There are two reasons as to why the Shapure does these physical gestures. The first is to control the movements of the snake. The second is to captivate and entertain the audience. Among the various gestures they use are the closed fist, waving fingers in all sorts of ways, using knees to make the snake 'stand' for extended periods of time, and the use of elbows for protection for possible bites. It is noteworthy that most Shapures tie a red pieces of cloth around their elbows. When performing with particularly 'angry' snakes, the Shapures put forward their elbows on purpose, just to calm down the snakes.

In the second stage of these games is the part where the Shapures practice medicine. The sell herbs, barks and other remedies as a lot of people, particularly in rural areas readily believe that these things will cure them. The Shapures, of course, do a lot of talking before they sell the medicines and are usually very eloquent and persuasive for the intended audience. If people didn't have a faith in some sort of mystical power of the snake charmers, the snake charmers probably would not be able to make a living that way. Snakes are incorporated into the monologues about the medicines to make people listen. The shapure will say, “Snakes are grudge-bearing creatures. If you attack them, they will never forgive you. They will take revenge whenever they can. Here you are, thinking you have never attacked a snake. But you really have. You just don't know about it. The other day when you dove into the pond for a bath, you didn't even realize that you were splashing water on the snake. You were down the road and a snake was there waiting for its food. Its prey escaped hearing the sound of your feet. You have broken up the homes of snakes when you were cleaning up the bamboo forest, and you don't even know it. But that snake remembers you. It is following you, but you don't know it. It will bite you anytime. Here, in my hand, is the remedy for this. If you wear this herb on your person, that snake will never be able to take revenge on you.” After these captivating stories are told, the Shapure's remedies start to sell. Finally, in the third part of the show there's a little music and some more of the snake. Then he packs up and walks towards another locality, to find the venue for his next show. That's his life, his living.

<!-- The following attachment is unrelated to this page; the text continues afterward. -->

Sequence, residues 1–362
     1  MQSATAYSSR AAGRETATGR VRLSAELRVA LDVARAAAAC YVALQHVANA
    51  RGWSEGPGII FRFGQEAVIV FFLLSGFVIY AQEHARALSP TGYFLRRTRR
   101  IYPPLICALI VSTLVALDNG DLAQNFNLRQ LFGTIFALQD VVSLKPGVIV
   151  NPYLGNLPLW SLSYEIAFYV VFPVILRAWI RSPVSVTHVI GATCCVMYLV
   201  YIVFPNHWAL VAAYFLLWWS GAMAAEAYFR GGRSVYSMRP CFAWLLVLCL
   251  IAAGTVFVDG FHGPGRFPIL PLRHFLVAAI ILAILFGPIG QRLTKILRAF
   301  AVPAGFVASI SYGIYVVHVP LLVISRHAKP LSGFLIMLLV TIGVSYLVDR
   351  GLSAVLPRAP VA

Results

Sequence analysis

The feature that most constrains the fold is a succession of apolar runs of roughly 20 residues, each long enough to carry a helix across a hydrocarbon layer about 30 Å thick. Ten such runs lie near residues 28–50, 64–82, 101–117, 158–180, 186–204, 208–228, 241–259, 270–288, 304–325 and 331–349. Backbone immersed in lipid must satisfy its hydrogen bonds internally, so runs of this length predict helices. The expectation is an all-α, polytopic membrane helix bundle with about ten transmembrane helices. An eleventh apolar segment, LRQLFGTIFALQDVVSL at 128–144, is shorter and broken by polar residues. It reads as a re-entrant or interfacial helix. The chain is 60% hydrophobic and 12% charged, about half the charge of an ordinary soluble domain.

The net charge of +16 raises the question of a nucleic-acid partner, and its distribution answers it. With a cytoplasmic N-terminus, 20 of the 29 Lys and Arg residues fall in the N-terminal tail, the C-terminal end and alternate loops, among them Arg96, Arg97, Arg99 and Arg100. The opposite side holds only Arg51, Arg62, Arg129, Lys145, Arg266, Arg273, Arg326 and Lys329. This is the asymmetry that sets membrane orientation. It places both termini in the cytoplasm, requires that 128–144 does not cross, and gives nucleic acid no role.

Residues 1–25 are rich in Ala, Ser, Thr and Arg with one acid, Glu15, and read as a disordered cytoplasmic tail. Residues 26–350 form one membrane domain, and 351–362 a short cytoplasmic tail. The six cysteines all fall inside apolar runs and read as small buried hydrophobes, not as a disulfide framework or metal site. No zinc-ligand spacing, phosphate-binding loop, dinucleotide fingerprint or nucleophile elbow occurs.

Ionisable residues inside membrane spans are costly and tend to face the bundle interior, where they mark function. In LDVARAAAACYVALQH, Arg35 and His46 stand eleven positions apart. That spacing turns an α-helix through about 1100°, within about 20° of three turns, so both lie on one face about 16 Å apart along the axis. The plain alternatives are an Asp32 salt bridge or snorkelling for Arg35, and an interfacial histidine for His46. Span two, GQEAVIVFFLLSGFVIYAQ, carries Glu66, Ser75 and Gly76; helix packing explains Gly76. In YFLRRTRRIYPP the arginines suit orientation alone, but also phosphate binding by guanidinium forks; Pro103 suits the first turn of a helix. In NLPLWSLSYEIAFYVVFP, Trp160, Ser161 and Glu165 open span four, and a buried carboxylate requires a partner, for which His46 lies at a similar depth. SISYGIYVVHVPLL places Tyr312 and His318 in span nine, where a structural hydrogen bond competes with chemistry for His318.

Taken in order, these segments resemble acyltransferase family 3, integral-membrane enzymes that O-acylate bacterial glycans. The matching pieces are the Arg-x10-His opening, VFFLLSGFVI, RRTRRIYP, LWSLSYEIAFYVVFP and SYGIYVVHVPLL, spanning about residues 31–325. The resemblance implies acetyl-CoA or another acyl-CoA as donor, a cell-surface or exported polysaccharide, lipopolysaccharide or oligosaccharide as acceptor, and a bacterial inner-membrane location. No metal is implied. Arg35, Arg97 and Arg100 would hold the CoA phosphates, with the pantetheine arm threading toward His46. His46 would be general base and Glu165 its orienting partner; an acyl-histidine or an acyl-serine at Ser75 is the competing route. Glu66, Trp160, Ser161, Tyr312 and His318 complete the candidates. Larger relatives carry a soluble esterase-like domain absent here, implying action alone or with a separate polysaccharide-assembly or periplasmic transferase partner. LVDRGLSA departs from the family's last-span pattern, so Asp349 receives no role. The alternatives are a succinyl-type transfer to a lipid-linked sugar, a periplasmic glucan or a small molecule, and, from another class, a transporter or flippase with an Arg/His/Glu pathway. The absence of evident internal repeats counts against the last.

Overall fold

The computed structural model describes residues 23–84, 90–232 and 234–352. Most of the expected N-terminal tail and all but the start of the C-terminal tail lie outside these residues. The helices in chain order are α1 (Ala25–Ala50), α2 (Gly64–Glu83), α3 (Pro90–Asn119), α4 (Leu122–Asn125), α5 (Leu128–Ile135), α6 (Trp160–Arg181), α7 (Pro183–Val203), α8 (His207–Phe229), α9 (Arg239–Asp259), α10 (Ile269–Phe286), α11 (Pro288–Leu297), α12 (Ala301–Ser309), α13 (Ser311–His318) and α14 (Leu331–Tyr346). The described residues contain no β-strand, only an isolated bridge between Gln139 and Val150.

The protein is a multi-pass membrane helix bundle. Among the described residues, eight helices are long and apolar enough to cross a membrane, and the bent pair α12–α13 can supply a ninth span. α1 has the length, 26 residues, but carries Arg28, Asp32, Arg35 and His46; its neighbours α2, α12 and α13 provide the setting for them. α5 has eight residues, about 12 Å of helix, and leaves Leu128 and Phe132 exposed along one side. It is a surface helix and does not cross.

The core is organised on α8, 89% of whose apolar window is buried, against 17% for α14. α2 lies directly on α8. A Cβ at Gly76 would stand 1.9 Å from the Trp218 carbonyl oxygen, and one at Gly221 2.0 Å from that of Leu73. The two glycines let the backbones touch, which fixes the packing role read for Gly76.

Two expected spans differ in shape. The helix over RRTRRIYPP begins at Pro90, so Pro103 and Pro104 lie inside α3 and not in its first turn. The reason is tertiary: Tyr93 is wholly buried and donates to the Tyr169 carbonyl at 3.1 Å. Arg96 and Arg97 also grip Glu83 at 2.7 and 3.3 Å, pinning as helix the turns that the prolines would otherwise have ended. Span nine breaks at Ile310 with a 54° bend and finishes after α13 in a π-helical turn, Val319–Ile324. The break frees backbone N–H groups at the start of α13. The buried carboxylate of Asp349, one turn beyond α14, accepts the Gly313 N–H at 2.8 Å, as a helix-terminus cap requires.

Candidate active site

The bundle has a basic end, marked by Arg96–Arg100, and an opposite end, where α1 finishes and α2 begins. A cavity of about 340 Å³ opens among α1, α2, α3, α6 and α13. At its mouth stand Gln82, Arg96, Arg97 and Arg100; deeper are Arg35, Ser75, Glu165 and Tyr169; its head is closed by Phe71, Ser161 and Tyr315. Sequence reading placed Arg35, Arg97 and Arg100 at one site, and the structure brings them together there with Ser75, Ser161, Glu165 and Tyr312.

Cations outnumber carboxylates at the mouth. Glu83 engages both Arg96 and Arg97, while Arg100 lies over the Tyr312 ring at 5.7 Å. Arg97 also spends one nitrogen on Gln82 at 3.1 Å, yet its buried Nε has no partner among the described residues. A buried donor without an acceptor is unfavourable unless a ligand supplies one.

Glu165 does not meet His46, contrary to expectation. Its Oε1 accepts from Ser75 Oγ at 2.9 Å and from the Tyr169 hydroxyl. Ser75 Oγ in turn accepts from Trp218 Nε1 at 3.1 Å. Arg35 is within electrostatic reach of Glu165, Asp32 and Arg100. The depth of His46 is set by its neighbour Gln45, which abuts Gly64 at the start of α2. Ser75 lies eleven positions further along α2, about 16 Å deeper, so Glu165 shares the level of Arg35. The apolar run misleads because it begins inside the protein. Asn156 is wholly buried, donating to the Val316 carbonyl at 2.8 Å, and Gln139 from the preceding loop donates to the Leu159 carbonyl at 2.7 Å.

Recently some snake charmers have been bringing in a touch of newness to their art. Instead of carrying just the snake, now many of them are carrying mongooses along with them. This is rather tricky, because the Shapure has to make sure that neither of the creatures get hurt since they are the biggest of enemies. The mongoose is usually kept on a leash.

Nowadays, snake charmers are far less prevalent in Bangladesh than they were before, and this is not surprising. Even though their numbers of dwindling, plenty of professional snake charmers can still be found around the Bangshi river in Savar, the Dhaleswari in Munshiganj and the Padma.